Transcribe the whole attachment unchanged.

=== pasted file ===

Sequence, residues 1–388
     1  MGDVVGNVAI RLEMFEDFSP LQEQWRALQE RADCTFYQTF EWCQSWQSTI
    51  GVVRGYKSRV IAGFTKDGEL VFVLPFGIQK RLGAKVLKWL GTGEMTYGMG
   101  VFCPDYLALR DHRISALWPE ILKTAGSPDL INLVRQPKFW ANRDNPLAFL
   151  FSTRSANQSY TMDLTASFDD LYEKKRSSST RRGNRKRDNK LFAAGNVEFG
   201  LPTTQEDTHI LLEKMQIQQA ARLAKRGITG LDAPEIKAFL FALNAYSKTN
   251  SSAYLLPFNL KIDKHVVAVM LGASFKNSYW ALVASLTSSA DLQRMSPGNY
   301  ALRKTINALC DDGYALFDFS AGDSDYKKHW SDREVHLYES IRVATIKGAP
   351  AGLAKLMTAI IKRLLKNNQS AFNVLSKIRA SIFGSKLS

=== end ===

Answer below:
Sequence, residues 1–388
     1  MGDVVGNVAI RLEMFEDFSP LQEQWRALQE RADCTFYQTF EWCQSWQSTI
    51  GVVRGYKSRV IAGFTKDGEL VFVLPFGIQK RLGAKVLKWL GTGEMTYGMG
   101  VFCPDYLALR DHRISALWPE ILKTAGSPDL INLVRQPKFW ANRDNPLAFL
   151  FSTRSANQSY TMDLTASFDD LYEKKRSSST RRGNRKRDNK LFAAGNVEFG
   201  LPTTQEDTHI LLEKMQIQQA ARLAKRGITG LDAPEIKAFL FALNAYSKTN
   251  SSAYLLPFNL KIDKHVVAVM LGASFKNSYW ALVASLTSSA DLQRMSPGNY
   301  ALRKTINALC DDGYALFDFS AGDSDYKKHW SDREVHLYES IRVATIKGAP
   351  AGLAKLMTAI IKRLLKNNQS AFNVLSKIRA SIFGSKLS